'NHS could face more data breach fines'
29 October 2012
More data breach fines will be issued to NHS bodies if they continue to fail in meeting their legal obligations, the Information Commissioner's Office has warned.
The comments came as it emerged that information on at least 1.8 million patients had been put at risk by NHS bodies within a year.
The figure, which was confirmed to Publicservice.co.uk as being accurate by an ICO spokesman, was collated by the Daily Mail
newspaper from the ICO's list of civil monetary penalties.
According to the newspaper, the current data loss rate in the health service equates to 5,000 patient records a day.
Several NHS bodies have been hit with significant fines in recent months, the highest at Brighton and Sussex University Hospitals NHS Trust
, which paid a total of £260,000
for early payment – a 20 per cent reduction on its £325,000 fine.
Other parts of the health service have also been fined taking the total to nearly £1m.
"The health service holds some of the most sensitive personal information available, so it's vitally important that patients' information is being kept secure," an ICO spokesman said.
"If that doesn't happen, and the legal obligations of the Data Protection Act aren't met, we'll issue monetary penalties. That money goes back to the Treasury's Consolidated Fund."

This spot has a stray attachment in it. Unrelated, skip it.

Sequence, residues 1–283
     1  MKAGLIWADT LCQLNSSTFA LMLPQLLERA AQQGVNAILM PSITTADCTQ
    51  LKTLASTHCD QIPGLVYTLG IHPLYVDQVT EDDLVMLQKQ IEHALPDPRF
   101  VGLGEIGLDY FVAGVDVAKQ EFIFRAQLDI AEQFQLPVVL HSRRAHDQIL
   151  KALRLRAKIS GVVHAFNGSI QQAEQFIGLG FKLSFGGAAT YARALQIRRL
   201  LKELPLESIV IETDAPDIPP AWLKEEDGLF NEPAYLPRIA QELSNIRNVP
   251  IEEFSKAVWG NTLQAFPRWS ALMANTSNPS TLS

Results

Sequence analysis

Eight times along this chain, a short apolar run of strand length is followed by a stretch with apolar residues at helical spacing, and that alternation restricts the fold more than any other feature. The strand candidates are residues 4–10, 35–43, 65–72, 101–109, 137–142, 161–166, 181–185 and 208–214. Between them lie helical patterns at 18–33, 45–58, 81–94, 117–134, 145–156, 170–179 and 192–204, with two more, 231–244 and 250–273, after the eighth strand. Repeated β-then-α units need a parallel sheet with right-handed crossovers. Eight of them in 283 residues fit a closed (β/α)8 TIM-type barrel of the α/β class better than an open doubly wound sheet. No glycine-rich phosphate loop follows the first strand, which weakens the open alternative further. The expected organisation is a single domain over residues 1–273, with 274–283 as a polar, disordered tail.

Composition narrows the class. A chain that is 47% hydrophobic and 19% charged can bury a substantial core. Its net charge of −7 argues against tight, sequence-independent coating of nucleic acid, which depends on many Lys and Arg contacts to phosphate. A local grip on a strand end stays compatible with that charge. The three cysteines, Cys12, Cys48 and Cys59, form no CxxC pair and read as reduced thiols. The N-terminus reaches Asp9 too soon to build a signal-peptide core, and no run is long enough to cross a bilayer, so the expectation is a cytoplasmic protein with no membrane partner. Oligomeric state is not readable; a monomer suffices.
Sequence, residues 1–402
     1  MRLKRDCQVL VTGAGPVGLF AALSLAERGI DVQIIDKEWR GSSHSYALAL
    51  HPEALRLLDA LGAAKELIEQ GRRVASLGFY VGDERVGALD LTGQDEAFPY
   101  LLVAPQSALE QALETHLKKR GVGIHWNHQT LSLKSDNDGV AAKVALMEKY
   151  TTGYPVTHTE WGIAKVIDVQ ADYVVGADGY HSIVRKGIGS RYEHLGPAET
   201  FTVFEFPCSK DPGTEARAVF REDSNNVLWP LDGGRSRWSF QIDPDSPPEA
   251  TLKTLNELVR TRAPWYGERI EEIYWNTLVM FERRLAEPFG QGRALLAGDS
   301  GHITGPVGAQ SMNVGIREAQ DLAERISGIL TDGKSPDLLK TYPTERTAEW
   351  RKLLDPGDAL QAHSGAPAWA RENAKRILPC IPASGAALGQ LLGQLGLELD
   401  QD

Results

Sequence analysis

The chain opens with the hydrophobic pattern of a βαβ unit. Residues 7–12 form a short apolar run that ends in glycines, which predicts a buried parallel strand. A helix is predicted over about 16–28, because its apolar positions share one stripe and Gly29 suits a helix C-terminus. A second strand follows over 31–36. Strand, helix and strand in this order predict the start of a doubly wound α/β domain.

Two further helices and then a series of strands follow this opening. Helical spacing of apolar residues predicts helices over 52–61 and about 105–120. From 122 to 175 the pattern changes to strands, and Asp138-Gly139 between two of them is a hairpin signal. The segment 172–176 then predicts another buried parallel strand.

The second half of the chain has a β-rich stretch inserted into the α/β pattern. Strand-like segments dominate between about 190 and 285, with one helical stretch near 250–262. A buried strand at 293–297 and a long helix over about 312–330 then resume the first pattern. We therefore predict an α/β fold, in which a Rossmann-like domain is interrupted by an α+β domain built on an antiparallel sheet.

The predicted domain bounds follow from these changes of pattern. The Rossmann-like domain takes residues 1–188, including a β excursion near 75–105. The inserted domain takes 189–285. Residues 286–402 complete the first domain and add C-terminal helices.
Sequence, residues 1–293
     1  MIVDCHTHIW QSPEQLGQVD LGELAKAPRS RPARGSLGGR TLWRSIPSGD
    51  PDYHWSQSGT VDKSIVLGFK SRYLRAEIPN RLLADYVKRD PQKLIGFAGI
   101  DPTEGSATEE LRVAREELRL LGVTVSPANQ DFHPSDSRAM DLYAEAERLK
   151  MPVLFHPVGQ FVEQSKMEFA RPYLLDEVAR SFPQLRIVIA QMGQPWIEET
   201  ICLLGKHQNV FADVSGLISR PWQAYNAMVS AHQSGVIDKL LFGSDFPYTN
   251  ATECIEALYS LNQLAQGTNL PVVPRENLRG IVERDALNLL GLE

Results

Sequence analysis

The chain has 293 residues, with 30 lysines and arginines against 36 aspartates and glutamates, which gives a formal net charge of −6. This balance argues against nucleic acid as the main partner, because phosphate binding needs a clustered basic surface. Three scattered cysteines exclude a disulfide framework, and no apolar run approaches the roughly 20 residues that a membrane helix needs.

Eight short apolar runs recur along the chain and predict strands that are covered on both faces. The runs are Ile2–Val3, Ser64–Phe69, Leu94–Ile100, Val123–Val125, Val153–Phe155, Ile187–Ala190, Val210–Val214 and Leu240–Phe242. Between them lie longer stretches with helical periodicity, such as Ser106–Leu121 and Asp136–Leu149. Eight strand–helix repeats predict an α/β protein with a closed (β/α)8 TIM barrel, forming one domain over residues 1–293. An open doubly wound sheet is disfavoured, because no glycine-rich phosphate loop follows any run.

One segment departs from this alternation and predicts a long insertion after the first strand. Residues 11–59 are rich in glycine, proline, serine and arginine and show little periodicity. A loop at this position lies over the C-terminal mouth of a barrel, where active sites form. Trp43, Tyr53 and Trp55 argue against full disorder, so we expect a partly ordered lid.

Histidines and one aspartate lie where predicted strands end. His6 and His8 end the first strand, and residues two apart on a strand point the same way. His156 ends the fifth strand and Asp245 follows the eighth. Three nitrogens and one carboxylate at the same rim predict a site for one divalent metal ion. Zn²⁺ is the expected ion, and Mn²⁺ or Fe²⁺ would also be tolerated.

Data breach fines can reach up to £500,000. Concerns have arisen that fines on the health service will impact on patient care. Christopher Fincken
, an influential health care confidentiality expert, has warned that "innocent" patients will lose out.
But the ICO has argued monetary penalties do "discourage others
from making the same data protection mistakes".
It is also pushing for compulsory audit powers
"Our concern isn't just that the right procedures are in place, but that there's a culture among staff whereby everyone takes their responsibilities seriously, and effective data handling becomes second nature," a spokesman said.
"For that reason, we're calling for powers to conduct compulsory audits in both the NHS and local government sectors."
This will not be the last time we read about NHS information loss. Laptop security, lost devices & paper work get all the headlines, but there is a greater disaster waiting to happen. What if a hospital's systems went down? Would they be able to recall their data? And would they be able to continue to provide care to the patients if they couldn't? A recent BridgeHead survey targeting UK and US hospitals showed that 64% of healthcare providers had a disaster recovery strategy in place, but over 25% had failed to test it, and 75% agreed their intended objectives for data back up were not being met. In the face of unstoppable data growth, it's becoming a serious challenge for hospitals to effectively store, protect and share data. So, whilst we read about tablets left in cabs, and the like, I cannot help but wonder about the 'sleeping giant' that is data management in the NHS.
Jim Beagle, CEO BridgeHead Software - Adshead, UK